When you look at this pan, do you think it's dirty? Maybe you're being generous and you think it's a well-loved pan at the end of its life expectancy and destined for the dump.
In fact, it's likely in the prime of its life.
If your initial thought was "Ew, yes, dirty!" then psst. Come here. You got baking to do this week for the holidays? You might have even bought an annual allotment of shiny new non-stick cookie sheets and bread pans.
Let me let you in on a little secret… you should try to never wash your metal bakeware, even the non-stick. Ever. Well, OK, at least not after that first hot and soapy hand-wash when you have just bought it.
Dishwasher detergent contains harsh abrasive particles that don’t dissolve well (that’s how it gets tough food off). Unfortunately the downside is that it also causes fine scratches in the surface of some of your pans, killing its non-stick goodness rather quickly.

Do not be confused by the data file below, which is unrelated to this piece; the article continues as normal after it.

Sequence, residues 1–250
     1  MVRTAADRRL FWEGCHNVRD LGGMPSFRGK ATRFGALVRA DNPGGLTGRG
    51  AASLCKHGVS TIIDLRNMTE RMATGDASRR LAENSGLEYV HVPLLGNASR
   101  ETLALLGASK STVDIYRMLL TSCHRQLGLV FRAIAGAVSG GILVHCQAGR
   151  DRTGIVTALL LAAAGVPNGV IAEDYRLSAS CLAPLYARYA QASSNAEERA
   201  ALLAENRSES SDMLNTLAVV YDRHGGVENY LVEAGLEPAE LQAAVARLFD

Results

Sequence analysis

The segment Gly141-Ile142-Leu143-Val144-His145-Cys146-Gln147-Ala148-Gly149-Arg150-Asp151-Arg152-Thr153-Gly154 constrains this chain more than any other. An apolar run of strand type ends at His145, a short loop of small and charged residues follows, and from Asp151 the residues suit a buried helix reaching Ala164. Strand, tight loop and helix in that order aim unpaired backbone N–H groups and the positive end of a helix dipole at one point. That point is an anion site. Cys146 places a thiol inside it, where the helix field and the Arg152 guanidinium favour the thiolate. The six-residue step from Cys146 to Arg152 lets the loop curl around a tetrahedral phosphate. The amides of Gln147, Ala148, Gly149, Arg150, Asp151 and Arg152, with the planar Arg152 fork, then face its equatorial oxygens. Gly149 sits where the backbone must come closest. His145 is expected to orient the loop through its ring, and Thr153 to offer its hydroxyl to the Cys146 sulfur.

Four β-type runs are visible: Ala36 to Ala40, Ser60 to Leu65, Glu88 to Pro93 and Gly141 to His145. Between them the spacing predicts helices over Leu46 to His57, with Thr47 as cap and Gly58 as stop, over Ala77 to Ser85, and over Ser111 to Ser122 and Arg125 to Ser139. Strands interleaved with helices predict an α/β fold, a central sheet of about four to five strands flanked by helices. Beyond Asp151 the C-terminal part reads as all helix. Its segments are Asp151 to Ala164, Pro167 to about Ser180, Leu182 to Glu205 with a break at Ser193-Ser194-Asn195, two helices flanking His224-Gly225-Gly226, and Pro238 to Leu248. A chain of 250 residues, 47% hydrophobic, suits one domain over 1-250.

No problem. Hand-wash only, right?
You should also try to never wash with soap, if you can help it. Here’s why:
Similar to cast iron, non-stick bake ware can begin to develop a kind of seasoning with extended use, a patina of oil that begins to polymerize (that yellow stain stuff). No, don't scrape it off with an SOS pad! Let it stay. Over time you’ll find that, even with loaves of bread, you’ll have to add less additional oil or butter to keep things from sticking.
Between bakings, wipe whatever does stick off with a dry paper towel. If something is really stuck hard, let the pan soak in hot water before wiping it down.
Obviously, there will be some sticky messes that call for soap! But they should be very few and far between, and when you do have to break out the soap, make sure you wash by hand with something gentle.
Because of the seasoning, they won’t be pristine ultra-clean pretty after a while, and may even start looking like the photo. But they will last longer and perform better. Trust me… when it comes to bake-ware, you don’t want it to be immaculate!
Who knew that too-clean was a possibility?